I realized I didn’t care. I’d told Noah he wasn’t going to die. The last words I ever spoke to him were lies. I was a liar. He did die, and even though I’d tried, I hadn’t brought him back.
I wasn’t crying anymore. Instead there was just the sob that wouldn’t come, the sting of tears that wouldn’t fall, the ache in my throat that was dying to become a scream. Crying would have been a relief, but I wasn’t filled with sadness. I was filled with rage.
Rage because he’d died, for no reason, for bullshit, while everyone else got to live. If people heard about what had happened, their faces would turn into masks of horror for a moment, but then it would become just a story to them. They would go on living, and laughing, and I would be alone with my grief.
“He tried to kill her,” Jamie shouted from the crappy laptop speakers as an officer on screen untied him. It drew the attention of one of the cops in the room with me, but the other pairs of eyes didn’t waver in their focus.
If they’d known me, what I’d been through, what I’d lost, they might have said they were sorry for me, sorry for my loss. They might even have meant it. But beneath that would have been relief—that death hadn’t happened to them.
All I wanted in the world right then was for Noah to live. That was what he deserved. But thinking something does not make it true. Wanting something does not make it real.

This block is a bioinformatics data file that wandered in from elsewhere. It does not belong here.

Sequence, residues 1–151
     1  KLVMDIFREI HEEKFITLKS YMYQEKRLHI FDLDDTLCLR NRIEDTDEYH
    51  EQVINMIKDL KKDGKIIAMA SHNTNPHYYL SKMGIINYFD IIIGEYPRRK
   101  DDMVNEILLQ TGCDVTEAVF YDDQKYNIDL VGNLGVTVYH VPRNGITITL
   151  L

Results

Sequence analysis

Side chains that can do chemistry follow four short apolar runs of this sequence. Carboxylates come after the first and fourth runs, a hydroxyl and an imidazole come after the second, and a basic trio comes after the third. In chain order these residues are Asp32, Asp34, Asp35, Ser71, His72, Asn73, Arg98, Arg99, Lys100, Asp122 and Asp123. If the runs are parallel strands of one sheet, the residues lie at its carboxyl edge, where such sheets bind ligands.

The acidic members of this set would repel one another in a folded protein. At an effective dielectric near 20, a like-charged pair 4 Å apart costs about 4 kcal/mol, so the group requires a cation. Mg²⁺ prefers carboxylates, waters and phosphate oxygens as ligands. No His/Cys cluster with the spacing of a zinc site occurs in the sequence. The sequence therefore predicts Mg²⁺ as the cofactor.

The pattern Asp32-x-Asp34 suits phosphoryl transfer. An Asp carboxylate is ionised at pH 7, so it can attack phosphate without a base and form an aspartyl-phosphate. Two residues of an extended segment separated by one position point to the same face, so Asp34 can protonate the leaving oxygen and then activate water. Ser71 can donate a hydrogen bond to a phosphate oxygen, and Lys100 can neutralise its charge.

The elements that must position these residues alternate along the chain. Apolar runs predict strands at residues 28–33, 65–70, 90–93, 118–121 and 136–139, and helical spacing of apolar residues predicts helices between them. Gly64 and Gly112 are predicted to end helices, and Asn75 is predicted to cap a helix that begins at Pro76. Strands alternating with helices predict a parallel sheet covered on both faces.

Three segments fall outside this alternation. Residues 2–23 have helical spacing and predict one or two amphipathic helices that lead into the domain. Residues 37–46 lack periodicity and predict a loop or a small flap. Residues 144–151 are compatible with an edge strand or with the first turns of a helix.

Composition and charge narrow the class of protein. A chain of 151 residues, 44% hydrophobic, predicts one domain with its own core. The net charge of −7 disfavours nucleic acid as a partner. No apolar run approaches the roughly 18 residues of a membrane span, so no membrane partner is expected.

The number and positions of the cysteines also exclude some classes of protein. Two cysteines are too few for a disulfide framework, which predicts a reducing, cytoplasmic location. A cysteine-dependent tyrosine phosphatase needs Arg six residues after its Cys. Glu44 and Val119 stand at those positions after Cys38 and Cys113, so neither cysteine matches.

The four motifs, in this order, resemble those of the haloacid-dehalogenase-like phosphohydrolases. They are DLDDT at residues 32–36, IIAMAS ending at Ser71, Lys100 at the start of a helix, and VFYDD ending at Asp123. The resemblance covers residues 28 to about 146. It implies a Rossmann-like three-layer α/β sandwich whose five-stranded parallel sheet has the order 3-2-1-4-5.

Except that when I want it, it should. That was supposed to be my gift. My affliction.
I closed my eyes, squeezed them shut. Saw writing in my mind, in handwriting that wasn’t mine.
You can choose to end life or choose to give it, but punishment will follow every reward.
I wanted to give Noah life. To reward him with it. But it wouldn’t be free. Nothing was. If I wanted something, I would have to trade for it.
I wanted Noah. What would I trade for him?
Who would I trade for him, was the question I needed to be asking.
“The people we care about are always worth more to us than the people we don’t. No matter what anyone pretends.”
They’d been Noah’s words once. But they were mine now. Who wouldn’t I trade for him? I would not trade my family. Never them.
But there were other people. The world was full of them. How many would have to be punished so I could reward? What was Noah’s life worth?
His father, David, needed to be punished for what he’d done, no question. But a million of him wouldn’t equal one Noah. He was worthless. Less than.
But not all people were worthless. I looked around me, at the men and women who filled the room, rushing into danger in the hope of saving someone’s life. They were good people. Brave. Selfless. Heroes, really.
Would I trade one of them to have Noah back?
Would I trade all of them to have him back?
I was stripped of all illusions, about this and myself. I knew without thinking that the answer was yes.
I KNEW WHAT WOULD HAPPEN next. As the police approached, the woman said, “Are you holding anything that could hurt me?”
Ask the wrong questions, get the wrong answers. I shook my head as she reached for my hands and cuffed me.
“What happened here?”
I didn’t respond. How could I?
Besides, I had the right to remain silent, so that was what I did.